Australia's largest telco has said its services will not be impacted should members of the Communications Electrical Plumbing Union (CEPU) undertake industrial action.
Writing in a blog post, Telstra group executive of transformation and people Alex Badenoch said customers should expect normal business, with the company having contingency plans to ensure operations continue.
"Our focus will be on ensuring that our customers and the vast majority of our people who are not participating in any action are not affected by any CEPU action," Badenoch wrote.
For its part, the union said after putting the option of action to a vote, 88 percent were in favour of such action.
Discussions between the telco and workers have been ongoing for some time, with workers previously encouraged to vote for protected industrial action.
"Workers have spent many months trying to get Telstra to come to the table with a fair wage offer," CEPU Communications Divisional National President Shane Murphy said.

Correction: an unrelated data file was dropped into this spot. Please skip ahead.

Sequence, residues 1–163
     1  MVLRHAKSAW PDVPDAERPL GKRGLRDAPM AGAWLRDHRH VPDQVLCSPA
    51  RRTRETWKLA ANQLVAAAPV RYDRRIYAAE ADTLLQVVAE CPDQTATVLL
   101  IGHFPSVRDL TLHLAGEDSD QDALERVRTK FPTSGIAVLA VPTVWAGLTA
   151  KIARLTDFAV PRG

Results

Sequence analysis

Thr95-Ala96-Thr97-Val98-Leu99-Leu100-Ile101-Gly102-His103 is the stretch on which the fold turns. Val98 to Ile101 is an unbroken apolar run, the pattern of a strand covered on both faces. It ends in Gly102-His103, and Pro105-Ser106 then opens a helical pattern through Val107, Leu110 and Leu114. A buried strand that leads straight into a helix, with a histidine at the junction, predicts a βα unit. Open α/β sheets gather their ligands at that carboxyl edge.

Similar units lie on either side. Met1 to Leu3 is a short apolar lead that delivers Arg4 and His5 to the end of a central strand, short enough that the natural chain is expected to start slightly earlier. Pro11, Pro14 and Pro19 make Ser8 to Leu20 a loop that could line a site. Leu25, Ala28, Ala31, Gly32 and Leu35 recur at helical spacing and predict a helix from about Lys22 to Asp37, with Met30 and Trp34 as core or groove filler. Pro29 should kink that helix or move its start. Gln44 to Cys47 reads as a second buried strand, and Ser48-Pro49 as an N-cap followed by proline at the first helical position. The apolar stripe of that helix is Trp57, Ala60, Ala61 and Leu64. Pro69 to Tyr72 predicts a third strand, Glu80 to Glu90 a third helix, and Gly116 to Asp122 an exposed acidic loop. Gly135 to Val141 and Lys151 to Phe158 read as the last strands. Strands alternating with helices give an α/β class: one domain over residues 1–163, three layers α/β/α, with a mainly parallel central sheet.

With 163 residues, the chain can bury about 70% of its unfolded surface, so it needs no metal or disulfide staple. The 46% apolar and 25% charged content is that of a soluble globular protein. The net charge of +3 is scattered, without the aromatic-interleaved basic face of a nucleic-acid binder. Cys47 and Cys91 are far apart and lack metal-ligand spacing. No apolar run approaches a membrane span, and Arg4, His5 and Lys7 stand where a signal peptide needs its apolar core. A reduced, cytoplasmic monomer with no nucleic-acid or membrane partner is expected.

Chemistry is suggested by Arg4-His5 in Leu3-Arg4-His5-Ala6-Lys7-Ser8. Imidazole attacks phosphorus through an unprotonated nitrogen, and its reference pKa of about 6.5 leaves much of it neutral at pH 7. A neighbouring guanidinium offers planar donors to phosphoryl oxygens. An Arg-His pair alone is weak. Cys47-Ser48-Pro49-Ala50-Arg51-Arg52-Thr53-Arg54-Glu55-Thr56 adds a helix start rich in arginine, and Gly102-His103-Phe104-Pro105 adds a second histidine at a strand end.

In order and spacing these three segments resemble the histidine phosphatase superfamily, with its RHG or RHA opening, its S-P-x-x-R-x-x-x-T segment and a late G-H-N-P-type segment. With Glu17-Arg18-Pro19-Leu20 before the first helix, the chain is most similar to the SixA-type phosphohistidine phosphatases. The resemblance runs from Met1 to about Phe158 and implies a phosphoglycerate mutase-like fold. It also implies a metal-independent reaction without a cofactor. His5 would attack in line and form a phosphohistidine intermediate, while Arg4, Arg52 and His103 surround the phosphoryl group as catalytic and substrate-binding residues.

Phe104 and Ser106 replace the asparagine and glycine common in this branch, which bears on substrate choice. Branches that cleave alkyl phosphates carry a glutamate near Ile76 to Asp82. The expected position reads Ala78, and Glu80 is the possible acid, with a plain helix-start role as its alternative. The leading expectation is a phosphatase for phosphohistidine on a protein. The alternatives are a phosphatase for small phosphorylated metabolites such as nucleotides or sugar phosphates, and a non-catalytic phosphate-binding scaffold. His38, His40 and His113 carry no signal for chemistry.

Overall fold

"We've got to this point because Telstra is asking workers to take a pay cut in real terms. It's a disgrace."
The CEPU said Telstra was cutting more than 9,000 jobs, which it labelled as "one of the biggest job purges in Australian corporate history".
Badenoch said CEPU members are around 10 percent of Telstra's employee base, and only 56 percent of members voted. The Telstra HR honcho pointed to the telco's Telstra2022 strategy as a response to competitive pressures, and said the deal the company has put forward was fair.
"It is a mixture of fixed pay and incentive pay based on the performance of our business and people," Badenoch said.
"Over many years, we have consistently paid increases under our [enterprise agreement] that exceed that of our main competitors and continue to offer industry-leading terms and conditions in areas like hours of work, leave benefits and redundancy protections. However, we need to act with restraint at this challenging time."
Earlier this month in its first half results, Telstra posted a AU$223 million drop in revenue to AU$12.6 billion, and earnings before interest, tax, depreciation, and amortisation dropping by 16 percent, from AU$5.1 billion to AU$4.3 billion year on year.
Restructuring costs reached AU$0.3 billion for the six months to December 31.